The Office of Fair Trading has today released guidance for payday loan companies who mislead customers by suggesting they are a Government body or charity, with words such as helpline and debtline being used in marketing materials.
The OFT says firms confusing consumers about their commercial nature are in breach of the rules and regulations. Often trading names can imply that a service is free or impartial and ultimately dupe the consumer into believing they are not receiving help from a commercial organisation. Consequently the OFT has been forced to release updated guidance on fair and transparent business practices for the payday loan sector. Trading names which do not meet the necessary regulations outlined by the OFT will be refused for new licence applications. When existing licences are renewed misleading trading names will have to be removed.
"Cheap Loans for all"
The growing demand for payday loans has meant an increased number of consumers are at risk of being misled by false or inaccurate advertising. One of the largest payday loan companies is currently spending £16 million advertising their payday loan services and the number of people using short term credit is on the rise.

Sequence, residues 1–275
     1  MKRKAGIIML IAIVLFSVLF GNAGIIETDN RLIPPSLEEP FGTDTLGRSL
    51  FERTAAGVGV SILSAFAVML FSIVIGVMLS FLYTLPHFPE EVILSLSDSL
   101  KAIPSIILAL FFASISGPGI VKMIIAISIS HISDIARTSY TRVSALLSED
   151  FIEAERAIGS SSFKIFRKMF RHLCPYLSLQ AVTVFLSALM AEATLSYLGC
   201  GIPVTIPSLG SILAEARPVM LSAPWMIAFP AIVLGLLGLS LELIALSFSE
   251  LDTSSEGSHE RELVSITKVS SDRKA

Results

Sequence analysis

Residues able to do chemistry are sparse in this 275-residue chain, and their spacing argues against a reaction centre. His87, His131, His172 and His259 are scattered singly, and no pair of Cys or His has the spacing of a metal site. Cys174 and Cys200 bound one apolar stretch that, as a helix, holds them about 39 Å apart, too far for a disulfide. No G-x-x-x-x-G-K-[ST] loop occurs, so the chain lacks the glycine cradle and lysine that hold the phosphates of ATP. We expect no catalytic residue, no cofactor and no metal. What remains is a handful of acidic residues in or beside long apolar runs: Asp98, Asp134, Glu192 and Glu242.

The latest guidance update from the Government watchdog has said that advertising which suggests everybody can receive a 'cheap loan' regardless of an individual's financial record will not be tolerated. Consumer credit licence holders run the risk of losing their consumer credit licence if they do not follow the guidance outlined by the OFT.
One final update released from the OFT is that advertising which suggests exclusivity to a product or to be able to provide a service in a specific location is inappropriate, unless this can be proven.
It's sensible to expect consumers to be protected when purchasing credit, as such at Debt Support Trust we welcome the changes brought about by the OFT. It's essential that all financial organisations are transparent, including payday loan companies.